The photo has been used for illustrative purposes.
Mariecar Jara-Puyod, Senior Reporter
A Gastroenterology specialist in Dubai, also an internist with over 25 years of work experience, has supported the call of a colleague in Abu Dhabi for more awareness campaign as well as for improved testing and diagnostics on liver health.
Dr Sanjeev Kumar Rastogi of Canadian Specialist Hospital shared his views with Gulf Today as July 28 is the “World Hepatitis Day.”
Rastogi’s opinion was also sought as the broadsheet, published almost a week back news on the urgency to take up more liver health and diseases discussions and the inclusion of public health programmes toward this end, quoting Dr. Farhana Bin Lootah of the Imperial College of London Diabetes Centre-Abu Dhabi.
Lootah was among the 11-man Steering Committee behind “Creating a Policy Narrative around NASH (Non-Alcoholic Steatohepatitis) in Europe and the Middle East.”
NASH is a form of worsened Non-Alcoholic Fatty Liver Disease (NAFLD).
Since NAFLD, NASH and Hepatitis are all liver diseases, this reporter asked Rastogi on whether these are co-related.
Meanwhile, the NASH-NAFLD policy paper carried the following proposals:
* Inclusion of liver health and diseases in public health policies, programmes and strategies towards the mitigation and prevention of obesity among children and the youth.
* More investments on liver health and complications data collection towards better liver health and diseases management by all stakeholders led by the public health system.
* Education programmes on liver health and diseases particularly on NAFLD and NASH among all healthcare workers and medical practitioners.
* Promotion of multi-disciplinary guidelines and care for metabolic syndrome and NAFLD/NASH management among all healthcare workers and medical practitioners.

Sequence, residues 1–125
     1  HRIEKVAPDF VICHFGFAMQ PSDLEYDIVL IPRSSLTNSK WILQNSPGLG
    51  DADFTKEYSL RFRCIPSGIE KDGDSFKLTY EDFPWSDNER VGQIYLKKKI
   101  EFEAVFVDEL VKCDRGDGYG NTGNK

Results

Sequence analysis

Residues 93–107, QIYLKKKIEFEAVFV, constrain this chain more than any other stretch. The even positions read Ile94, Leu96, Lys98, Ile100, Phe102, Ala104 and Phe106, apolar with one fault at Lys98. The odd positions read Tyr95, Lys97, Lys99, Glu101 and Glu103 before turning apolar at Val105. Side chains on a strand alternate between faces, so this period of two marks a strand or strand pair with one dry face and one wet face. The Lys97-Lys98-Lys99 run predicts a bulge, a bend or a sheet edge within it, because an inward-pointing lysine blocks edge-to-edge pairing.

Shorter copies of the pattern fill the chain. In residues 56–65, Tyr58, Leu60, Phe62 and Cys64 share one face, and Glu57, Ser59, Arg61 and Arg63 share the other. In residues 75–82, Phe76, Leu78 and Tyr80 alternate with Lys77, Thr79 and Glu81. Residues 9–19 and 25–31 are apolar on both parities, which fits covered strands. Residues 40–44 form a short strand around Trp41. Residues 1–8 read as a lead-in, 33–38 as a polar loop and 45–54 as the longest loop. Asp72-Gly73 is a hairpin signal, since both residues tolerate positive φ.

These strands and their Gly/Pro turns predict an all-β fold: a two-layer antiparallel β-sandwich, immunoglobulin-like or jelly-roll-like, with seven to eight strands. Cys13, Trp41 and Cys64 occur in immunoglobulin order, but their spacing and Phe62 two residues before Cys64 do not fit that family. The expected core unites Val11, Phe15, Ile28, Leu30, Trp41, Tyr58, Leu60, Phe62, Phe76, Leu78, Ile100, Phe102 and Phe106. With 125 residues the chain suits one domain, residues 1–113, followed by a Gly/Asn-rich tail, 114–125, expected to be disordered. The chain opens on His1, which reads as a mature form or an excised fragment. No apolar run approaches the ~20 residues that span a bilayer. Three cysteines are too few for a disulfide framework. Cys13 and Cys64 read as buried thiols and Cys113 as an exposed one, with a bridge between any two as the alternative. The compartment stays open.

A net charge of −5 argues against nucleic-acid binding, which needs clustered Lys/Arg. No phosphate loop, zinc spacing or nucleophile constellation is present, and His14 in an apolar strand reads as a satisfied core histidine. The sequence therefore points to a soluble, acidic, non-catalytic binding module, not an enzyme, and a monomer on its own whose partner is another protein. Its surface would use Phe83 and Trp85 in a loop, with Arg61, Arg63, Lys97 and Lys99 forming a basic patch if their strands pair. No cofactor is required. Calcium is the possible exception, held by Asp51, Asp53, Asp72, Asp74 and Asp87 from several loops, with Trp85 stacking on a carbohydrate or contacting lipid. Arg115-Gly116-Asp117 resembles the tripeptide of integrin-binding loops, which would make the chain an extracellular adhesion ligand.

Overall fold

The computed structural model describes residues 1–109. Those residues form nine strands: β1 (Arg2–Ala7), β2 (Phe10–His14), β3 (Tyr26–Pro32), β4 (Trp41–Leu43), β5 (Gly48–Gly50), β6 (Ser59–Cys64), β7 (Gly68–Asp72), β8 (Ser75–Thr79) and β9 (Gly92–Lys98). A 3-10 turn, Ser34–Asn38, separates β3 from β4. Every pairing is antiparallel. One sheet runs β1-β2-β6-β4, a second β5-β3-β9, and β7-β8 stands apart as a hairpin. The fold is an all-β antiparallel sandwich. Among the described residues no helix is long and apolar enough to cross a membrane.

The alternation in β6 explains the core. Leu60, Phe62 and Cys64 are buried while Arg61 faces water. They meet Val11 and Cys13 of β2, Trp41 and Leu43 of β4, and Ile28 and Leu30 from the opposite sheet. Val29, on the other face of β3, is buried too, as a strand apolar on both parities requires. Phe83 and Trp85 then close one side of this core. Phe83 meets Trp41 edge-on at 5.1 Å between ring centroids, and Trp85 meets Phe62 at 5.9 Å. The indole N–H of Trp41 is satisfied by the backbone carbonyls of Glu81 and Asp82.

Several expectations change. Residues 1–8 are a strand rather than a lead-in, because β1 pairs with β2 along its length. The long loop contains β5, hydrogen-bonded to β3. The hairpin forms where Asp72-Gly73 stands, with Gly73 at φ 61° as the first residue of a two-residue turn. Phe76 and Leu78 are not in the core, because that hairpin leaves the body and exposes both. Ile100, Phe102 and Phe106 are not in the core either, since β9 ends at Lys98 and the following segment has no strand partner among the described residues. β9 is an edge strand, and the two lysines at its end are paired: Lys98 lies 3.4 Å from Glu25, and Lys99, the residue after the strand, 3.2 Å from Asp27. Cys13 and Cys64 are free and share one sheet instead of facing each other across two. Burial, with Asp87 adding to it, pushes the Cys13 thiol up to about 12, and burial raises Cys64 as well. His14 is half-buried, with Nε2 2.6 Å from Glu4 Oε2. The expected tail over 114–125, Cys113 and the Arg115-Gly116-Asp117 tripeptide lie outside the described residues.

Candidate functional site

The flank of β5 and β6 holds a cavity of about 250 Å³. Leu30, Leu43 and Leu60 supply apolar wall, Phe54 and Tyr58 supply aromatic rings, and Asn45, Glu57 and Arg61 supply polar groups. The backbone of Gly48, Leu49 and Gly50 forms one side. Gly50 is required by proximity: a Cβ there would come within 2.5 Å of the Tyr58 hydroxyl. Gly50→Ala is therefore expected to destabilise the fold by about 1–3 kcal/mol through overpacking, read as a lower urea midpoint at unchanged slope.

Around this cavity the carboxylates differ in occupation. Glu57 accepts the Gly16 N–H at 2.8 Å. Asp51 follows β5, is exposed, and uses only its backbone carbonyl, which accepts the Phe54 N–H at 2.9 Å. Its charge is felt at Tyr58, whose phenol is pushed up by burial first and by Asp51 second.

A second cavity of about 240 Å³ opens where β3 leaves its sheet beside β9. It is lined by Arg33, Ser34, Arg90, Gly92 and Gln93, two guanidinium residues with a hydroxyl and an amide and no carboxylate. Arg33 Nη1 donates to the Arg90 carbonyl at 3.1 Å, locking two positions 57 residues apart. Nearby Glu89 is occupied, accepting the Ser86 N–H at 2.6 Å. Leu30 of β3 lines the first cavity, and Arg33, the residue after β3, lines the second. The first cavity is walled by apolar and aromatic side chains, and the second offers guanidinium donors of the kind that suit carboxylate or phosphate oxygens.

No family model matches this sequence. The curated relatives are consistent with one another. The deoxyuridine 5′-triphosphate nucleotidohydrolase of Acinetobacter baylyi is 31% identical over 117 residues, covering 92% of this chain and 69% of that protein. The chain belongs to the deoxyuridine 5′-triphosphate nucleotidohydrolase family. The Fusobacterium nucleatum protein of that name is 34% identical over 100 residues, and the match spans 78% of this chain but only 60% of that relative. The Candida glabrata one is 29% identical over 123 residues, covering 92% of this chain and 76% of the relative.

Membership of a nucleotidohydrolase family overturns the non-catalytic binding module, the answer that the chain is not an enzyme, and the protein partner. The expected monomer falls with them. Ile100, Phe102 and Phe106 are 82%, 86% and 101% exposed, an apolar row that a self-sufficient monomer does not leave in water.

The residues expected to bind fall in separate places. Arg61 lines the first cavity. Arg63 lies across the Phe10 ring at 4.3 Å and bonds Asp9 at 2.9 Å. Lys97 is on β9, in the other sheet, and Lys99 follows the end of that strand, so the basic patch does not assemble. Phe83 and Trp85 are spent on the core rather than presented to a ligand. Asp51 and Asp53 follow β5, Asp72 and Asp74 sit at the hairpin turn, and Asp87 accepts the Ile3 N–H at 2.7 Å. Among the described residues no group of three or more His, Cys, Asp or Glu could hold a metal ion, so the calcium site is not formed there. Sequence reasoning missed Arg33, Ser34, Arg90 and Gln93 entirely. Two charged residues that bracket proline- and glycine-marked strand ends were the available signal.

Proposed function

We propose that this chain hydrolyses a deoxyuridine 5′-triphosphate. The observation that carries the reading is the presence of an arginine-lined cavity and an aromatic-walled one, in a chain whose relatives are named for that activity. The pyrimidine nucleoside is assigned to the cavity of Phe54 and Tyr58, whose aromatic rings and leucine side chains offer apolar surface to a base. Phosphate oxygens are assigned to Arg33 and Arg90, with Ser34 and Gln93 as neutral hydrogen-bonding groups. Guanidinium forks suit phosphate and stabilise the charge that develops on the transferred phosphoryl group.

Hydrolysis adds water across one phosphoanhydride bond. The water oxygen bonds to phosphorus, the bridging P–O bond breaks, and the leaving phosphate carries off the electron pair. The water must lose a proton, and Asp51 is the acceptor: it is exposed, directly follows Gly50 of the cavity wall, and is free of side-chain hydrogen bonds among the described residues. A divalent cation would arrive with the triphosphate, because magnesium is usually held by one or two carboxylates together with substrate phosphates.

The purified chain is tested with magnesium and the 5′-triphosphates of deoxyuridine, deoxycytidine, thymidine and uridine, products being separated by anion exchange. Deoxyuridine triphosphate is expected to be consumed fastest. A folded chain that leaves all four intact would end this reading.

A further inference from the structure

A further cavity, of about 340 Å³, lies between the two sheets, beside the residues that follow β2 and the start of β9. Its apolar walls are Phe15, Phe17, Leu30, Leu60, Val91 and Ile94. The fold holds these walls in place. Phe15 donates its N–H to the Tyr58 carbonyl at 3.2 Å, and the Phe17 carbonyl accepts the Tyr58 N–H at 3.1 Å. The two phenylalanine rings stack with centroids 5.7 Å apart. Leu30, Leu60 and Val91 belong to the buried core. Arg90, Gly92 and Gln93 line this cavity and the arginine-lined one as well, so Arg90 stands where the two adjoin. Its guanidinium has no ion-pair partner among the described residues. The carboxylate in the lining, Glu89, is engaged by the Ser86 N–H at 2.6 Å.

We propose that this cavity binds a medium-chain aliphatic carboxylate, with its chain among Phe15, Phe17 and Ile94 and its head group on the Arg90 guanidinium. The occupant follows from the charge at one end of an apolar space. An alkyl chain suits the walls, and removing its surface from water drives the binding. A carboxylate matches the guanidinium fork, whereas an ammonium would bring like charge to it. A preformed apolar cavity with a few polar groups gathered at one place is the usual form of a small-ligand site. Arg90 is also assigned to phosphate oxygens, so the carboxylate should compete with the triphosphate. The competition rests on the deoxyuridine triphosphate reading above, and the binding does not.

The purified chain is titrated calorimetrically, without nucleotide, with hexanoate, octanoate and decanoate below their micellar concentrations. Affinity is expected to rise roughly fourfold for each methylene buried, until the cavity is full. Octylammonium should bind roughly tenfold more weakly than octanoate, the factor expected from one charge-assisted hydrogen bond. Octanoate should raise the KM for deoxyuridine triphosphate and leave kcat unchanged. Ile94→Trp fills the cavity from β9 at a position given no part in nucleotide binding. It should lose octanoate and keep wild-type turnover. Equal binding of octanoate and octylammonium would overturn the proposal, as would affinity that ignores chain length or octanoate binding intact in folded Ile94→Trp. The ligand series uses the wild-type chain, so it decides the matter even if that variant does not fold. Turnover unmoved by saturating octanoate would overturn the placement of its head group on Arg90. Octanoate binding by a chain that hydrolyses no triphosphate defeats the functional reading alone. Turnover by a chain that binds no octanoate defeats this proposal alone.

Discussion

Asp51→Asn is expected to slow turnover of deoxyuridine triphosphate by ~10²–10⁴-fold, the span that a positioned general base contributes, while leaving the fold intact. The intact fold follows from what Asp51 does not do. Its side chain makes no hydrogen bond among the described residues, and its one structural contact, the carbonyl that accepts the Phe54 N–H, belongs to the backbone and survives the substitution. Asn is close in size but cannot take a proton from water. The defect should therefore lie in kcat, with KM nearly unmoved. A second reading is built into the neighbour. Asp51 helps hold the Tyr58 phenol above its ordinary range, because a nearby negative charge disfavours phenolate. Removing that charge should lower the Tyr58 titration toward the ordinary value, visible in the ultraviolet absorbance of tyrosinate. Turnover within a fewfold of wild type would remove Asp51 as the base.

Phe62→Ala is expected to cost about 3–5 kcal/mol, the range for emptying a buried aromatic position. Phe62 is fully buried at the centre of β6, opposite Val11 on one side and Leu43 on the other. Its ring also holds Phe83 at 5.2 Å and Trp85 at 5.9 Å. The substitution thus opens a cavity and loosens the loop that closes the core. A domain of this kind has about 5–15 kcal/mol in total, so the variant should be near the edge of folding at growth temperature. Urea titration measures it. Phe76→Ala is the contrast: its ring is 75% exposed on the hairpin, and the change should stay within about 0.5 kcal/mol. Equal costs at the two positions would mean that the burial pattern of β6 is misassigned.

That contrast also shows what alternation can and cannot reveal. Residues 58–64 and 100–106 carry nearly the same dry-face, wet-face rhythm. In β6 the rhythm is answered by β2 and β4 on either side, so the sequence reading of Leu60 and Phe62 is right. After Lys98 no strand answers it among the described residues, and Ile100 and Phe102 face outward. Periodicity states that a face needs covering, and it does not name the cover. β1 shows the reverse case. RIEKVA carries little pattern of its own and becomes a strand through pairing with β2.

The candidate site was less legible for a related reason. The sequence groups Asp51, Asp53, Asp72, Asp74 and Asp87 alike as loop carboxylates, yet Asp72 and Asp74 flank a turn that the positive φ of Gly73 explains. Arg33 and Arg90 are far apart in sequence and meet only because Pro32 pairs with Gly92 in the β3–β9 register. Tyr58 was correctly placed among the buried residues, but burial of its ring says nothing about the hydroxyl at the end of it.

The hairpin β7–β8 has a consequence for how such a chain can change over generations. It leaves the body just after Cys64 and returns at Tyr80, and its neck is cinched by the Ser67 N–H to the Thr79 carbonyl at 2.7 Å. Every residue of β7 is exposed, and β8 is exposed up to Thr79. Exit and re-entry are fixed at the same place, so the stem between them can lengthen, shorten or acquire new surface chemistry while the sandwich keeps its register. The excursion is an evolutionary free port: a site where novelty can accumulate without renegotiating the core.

* Inclusion of screenings and other diagnostics tests in the public health system particularly among the high risks.
* Promotion of proper and correct treatment options as well as effective laboratory tests.
On Hepatitis, Rastogi said that on the global scale, the most common is that of Viral Hepatitis B and C, “associated with high levels of mortality and morbidity, and the root causes of liver cirrhosis and cancer.”
World Health Organisation (WHO) 2019 data showed 325 million around the world are living with Hepatitis B and C. Of these, 27 million have been infected with the B virus since 2016 while 13.1 million have been sick with the C virus since 2015.
In 2017, 1.75 million developed chronic Hepatitis C infection.
Hepatitis is a condition whereby the liver is inflammed caused by viral infection, “a secondary result of drugs, toxins, alcohol and certain medications.” Rastogi said Hepatitis, NAFLD and NASH are not co-related.
But as a consequence of more research on liver diseases since 1999, recent documentations have revealed “obesity, diabetes, hypertension and dyslipidemia are high risk factors that can lead to the deposition of fat in the liver which if increased over time will lead to the inflammation of the liver cells called NASH.”
Like alcohol and Hepatitis B and C which damage the liver, NAFLD/NASH “can further progress to cirrhosis and liver cancer in the long run.”
Rastogi echoed the proposals of Lootah and her co-authors as he referred to the WHO data in the last five years: “Hepatitis B has been the highest in the African and Western Pacific Regions. Eastern Mediterranean Region and Europe have shown the highest incidence in the world for Hepatitis C.” “Another study depicted that deaths due to Hepatitis B and C are as common as to those due to tuberculosis.”
WHO director general Dr Tedros Adhanom Ghebreyesus said: “On World Hepatitis Day, we are calling for bold political leadership, with investments to match. We call on all countries to integrate services for Hepatitis into benefit packages as part of their journey towards universal health coverage.”
Ahead of World Hepatitis Day (28 July), the world Health Organisation,WHO, calls on countries to take advantage of recent reductions in the costs of diagnosing and treating viral hepatitis and scale up investments in disease elimination.
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